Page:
Exception view
An exception view is a view callable which may be invoked by Pyramid when an exception is raised during request processing. See カスタム例外ビュー for more information.
finished callback
A user-defined callback executed by the router unconditionally at the very end of request processing . See finished コールバックの使用.
Forbidden view
An exception view invoked by Pyramid when the developer explicitly raises a pyramid.httpexceptions.HTTPForbidden exception from within view code or root factory code, or when the view configuration and authorization policy found for a request disallows a particular view invocation. Pyramid provides a default implementation of a forbidden view; it can be overridden. See Forbidden View の変更.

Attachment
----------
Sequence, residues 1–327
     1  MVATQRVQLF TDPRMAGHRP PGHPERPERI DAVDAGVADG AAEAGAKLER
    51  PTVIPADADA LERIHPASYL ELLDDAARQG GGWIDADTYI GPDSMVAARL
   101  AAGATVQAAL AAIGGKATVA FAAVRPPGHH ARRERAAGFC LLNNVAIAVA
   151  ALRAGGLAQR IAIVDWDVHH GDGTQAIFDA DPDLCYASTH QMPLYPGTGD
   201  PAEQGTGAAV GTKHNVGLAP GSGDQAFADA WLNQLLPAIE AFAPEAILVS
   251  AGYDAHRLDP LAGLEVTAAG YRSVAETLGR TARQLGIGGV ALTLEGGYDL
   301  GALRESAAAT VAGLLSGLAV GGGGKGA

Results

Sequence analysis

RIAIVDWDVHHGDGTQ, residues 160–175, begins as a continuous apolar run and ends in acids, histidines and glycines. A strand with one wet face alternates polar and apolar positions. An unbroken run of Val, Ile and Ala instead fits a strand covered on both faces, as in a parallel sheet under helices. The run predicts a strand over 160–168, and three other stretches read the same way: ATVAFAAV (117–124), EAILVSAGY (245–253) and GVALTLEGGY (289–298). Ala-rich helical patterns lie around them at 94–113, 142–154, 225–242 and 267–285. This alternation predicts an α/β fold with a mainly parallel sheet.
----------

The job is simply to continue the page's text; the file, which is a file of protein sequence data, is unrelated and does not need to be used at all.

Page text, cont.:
An XML templating language by Christopher Lenz.
The GNU gettext library, used by the Pyramid translation machinery.
Google App Engine
Google App Engine (aka “GAE”) is a Python application hosting service offered by Google. Pyramid runs on GAE.
Green Unicorn
Aka gunicorn, a fast WSGI server that runs on UNIX under Python 2.5+ (although at the time of this writing does not support Python 3). See for detailed information.
A web framework based on Zope 3.
HTTP Exception
The set of exception classes defined in pyramid.httpexceptions. These can be used to generate responses with various status codes when raised or returned from a view callable. See also HTTP 例外.
imperative configuration
The configuration mode in which you use Python to call methods on a Configurator in order to add each configuration declaration required by your application.